‘Watermelon and Red Birds’ Offers a Guide to Juneteenth—and Black Celebration Culture

May 31, 2023 | Source: Civil Eats | by Lindsey Margaret Allen

James Beard Award-nominated writer and producer Nicole A. Taylor felt called to write a Juneteenth cookbook long before the occasion was first recognized as a national holiday last year. For Taylor, Juneteenth has been a time to both reflect and celebrate for more than a decade.

Then, in summer 2020, the dynamic of the holiday changed, and Taylor knew the time was right. Following the murder of George Floyd in May of that year, people across the U.S. started acknowledging long-ignored African American histories and realities, and awareness of Juneteenth—of freedom delayed—spread outside of the Black community.

Formerly enslaved people celebrated the first Juneteenth on June 19, 1866 in Galveston, Texas. On this day, more than two years after the Emancipation Proclamation was signed, supposedly ending slavery, federal troops arrived in Galveston to ensure that all enslaved people were indeed free. Ever since that first celebration, Juneteenth has migrated, grown, and transformed in the same ways that Black Americans have been forced to in order to survive and thrive in the U.S. For some, the festivities include strawberry soda and backyard barbecues. For others, it has long been an opportunity to gather at block parties and celebrate Black-owned businesses.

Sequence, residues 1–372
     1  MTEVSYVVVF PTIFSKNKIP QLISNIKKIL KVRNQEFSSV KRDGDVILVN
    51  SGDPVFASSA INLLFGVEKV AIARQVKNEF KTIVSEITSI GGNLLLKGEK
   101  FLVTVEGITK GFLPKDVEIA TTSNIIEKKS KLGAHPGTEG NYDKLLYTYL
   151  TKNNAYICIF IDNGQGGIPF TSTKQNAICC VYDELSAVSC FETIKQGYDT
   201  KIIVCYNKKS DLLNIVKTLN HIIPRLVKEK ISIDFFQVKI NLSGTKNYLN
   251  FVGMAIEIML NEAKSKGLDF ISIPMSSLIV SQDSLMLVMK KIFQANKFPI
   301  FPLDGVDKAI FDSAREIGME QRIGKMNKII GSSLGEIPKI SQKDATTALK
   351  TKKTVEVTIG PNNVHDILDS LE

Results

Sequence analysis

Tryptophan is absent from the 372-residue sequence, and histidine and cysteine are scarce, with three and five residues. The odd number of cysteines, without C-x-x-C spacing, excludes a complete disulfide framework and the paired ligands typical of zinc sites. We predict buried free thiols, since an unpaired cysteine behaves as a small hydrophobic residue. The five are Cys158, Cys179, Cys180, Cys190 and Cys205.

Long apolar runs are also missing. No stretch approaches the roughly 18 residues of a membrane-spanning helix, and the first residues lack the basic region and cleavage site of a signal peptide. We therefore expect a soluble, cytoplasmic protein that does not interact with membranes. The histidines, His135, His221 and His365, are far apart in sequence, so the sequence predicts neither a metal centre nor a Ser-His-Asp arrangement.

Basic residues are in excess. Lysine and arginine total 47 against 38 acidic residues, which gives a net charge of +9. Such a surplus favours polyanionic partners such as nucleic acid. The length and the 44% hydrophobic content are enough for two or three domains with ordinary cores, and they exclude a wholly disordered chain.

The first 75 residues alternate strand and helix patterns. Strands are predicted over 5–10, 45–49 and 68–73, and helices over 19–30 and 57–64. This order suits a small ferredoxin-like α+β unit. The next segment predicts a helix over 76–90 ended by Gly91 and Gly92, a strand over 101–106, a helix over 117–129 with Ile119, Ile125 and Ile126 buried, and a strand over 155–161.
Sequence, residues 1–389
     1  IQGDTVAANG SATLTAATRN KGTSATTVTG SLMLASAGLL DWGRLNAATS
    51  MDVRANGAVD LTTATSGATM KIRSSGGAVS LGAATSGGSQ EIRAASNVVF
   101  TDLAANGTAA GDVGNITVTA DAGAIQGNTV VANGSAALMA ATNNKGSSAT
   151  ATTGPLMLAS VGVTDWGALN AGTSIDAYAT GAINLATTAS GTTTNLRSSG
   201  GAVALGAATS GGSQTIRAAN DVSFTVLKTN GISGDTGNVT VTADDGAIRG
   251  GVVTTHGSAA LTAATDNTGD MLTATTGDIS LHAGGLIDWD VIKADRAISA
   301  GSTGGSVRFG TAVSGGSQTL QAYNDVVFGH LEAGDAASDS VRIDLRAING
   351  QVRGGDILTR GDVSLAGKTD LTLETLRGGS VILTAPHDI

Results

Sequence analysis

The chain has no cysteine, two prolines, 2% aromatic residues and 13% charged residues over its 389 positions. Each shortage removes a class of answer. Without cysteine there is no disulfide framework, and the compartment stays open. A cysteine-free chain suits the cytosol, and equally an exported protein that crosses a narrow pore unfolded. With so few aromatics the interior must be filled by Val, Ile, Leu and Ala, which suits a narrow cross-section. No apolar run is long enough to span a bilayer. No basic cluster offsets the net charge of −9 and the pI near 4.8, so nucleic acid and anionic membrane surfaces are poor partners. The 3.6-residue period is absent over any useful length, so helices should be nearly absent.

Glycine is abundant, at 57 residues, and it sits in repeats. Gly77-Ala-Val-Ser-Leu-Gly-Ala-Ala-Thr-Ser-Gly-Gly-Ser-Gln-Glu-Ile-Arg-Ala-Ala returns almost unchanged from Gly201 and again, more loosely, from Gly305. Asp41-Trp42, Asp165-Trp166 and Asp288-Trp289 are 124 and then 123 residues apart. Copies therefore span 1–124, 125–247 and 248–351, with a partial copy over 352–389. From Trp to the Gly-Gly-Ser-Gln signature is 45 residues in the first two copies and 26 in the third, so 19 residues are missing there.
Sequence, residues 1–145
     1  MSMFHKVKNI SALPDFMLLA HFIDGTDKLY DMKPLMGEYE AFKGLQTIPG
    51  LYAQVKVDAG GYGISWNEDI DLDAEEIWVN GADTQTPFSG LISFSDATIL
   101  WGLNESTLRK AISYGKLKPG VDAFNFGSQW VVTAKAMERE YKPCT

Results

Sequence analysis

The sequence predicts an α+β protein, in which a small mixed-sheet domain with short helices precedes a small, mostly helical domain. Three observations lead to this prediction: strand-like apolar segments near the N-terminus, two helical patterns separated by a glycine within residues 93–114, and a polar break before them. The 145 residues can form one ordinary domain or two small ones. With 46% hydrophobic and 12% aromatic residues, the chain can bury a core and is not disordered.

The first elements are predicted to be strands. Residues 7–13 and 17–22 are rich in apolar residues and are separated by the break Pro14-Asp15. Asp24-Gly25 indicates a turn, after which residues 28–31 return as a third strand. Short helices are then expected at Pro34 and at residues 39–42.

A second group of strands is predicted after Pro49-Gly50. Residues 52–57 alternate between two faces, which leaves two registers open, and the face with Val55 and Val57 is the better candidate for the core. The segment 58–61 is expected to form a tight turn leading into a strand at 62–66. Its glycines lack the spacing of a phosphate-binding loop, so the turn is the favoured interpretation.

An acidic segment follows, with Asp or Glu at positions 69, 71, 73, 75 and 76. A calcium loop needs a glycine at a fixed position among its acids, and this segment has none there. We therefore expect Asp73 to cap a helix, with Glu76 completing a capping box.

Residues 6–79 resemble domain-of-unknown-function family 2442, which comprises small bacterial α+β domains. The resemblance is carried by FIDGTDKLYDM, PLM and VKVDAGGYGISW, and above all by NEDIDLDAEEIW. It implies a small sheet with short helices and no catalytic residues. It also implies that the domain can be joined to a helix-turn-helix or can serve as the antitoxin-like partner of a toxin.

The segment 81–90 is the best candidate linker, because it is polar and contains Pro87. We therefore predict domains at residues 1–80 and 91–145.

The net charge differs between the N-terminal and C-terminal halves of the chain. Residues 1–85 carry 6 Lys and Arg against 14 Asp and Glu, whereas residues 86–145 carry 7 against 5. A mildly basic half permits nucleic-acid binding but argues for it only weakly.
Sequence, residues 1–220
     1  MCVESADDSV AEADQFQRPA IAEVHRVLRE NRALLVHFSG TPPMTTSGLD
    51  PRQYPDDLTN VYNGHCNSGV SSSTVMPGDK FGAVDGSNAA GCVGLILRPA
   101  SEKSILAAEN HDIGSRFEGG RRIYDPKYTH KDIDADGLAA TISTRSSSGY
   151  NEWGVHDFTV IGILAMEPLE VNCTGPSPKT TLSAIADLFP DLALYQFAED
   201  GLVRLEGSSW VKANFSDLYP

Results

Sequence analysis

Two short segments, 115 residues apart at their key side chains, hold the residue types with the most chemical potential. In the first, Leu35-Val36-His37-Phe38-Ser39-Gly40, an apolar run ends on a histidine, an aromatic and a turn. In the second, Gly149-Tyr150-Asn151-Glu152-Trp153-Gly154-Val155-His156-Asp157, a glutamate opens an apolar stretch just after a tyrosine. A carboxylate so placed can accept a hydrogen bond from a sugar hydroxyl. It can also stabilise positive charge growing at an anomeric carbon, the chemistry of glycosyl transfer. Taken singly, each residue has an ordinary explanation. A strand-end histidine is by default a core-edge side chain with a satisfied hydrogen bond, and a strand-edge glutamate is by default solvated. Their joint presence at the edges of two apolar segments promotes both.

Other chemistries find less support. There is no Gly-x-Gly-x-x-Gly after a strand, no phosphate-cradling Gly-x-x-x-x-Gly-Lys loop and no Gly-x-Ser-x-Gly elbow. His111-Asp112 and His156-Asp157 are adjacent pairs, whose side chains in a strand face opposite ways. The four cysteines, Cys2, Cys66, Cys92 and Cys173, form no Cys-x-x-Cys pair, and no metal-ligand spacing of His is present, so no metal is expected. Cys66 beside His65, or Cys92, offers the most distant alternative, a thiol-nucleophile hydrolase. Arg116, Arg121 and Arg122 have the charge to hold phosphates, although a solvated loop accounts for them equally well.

In her new Juneteenth cookbook, Watermelon and Red Birds, published today, Taylor makes note of the way Juneteenth traditions differ in cities like Oakland and Atlanta. “As Americans started to migrate and started to move out of the American South, Texas in particular, we know they went up to Chicago, they went out West, they went to L.A., they went to Milwaukee, Seattle, and Oakland. That’s when you started seeing these public Juneteenth events across the country,” said Taylor.